As pundits produce unofficial lists of candidates to replace top White House economic adviser Lawrence Summers -- who will leave the White House to return to Harvard University by year's end -- potential successors are being measured by how they differ from him. It's an opportunity, many say, to change how the nation's economy policy is perceived.
Politico speculates that the replacement will be a female CEO. All of the current holders of the four top economic slots in the administration -- Office of Management and Budget director Jacob Lew (incoming), Treasury secretary Tim Geithner, Council of Economic Advisers chairman Austan Goolsbee and Summers himself -- are white males with little real world business experience, Politico notes. Given the scandal at Harvard that led to Summers stepping down as president, appointing a woman might seem like poetic justice.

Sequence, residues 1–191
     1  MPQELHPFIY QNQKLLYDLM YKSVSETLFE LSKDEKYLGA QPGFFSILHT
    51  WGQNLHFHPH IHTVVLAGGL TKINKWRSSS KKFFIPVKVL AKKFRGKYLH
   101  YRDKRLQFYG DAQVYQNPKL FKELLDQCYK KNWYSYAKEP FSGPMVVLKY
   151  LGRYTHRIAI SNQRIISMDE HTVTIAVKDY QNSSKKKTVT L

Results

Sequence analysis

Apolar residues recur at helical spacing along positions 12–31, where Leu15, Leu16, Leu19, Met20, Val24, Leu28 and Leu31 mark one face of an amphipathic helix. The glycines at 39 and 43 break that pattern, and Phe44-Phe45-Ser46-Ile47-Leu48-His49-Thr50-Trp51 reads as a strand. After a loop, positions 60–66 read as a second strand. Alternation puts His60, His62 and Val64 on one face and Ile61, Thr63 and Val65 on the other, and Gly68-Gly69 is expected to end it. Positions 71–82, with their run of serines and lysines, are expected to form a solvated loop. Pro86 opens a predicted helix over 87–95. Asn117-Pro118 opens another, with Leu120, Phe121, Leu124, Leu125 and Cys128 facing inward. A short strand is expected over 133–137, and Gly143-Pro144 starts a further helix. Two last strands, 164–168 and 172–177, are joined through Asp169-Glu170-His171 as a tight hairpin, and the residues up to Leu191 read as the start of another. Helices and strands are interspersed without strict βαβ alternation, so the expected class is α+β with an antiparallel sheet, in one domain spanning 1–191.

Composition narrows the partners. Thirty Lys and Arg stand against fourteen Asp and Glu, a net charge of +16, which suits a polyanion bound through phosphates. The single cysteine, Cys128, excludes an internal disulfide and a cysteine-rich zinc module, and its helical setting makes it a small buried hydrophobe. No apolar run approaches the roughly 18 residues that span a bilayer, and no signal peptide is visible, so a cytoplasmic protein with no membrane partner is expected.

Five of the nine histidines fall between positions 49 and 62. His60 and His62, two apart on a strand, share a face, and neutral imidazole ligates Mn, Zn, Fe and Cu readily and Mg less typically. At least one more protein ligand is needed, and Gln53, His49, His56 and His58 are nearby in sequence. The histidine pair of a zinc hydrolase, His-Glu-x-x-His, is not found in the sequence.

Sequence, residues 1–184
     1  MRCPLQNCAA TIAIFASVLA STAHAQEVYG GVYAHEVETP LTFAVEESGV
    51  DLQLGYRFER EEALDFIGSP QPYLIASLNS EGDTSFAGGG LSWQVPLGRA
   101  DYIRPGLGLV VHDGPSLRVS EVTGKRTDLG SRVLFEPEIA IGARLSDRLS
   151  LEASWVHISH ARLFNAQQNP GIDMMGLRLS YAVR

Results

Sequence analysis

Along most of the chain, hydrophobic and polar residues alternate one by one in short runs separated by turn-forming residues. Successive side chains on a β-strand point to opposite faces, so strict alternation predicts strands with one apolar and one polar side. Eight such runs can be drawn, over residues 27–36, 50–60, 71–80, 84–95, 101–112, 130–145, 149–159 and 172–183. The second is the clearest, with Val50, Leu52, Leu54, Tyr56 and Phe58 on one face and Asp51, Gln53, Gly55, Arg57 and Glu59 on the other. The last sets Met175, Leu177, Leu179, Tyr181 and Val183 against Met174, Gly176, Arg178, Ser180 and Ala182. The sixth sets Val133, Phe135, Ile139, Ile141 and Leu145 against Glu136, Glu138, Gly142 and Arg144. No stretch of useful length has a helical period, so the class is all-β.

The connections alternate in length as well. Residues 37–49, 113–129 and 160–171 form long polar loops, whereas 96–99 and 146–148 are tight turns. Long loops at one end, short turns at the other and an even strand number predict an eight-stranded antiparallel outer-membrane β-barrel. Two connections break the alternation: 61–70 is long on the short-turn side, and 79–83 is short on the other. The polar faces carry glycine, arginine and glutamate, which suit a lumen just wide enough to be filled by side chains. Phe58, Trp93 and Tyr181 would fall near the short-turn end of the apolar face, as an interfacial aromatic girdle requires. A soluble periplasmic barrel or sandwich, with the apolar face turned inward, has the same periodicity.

On CNBC's "Squawk Box" Wednesday morning, Greg Valliere of think tank Potomac Research Group said business experience is the top priority. "Could they maybe get one person who's run a payroll, who's run a business? I'm not sure about the gender, but I think the profession, yeah, definitely, they've got to get someone who has business experience," he said.
As the Wall Street Journal notes, appointing a businessperson would help dispel notions that the White House is somehow anti-business.
Still, Reuters' Felix Salmon thinks PR isn't the most important factor in this decision. "The corporate-executive idea is a bit weird: of all the positions in the White House economic team, one would expect the NEC director to actually be an economist. And there aren't many economists who are also prominent corporate executives," he says. "I also very much doubt that the presence of a corporate executive in the White House would have any success at all in countering criticism that the administration is anti-business."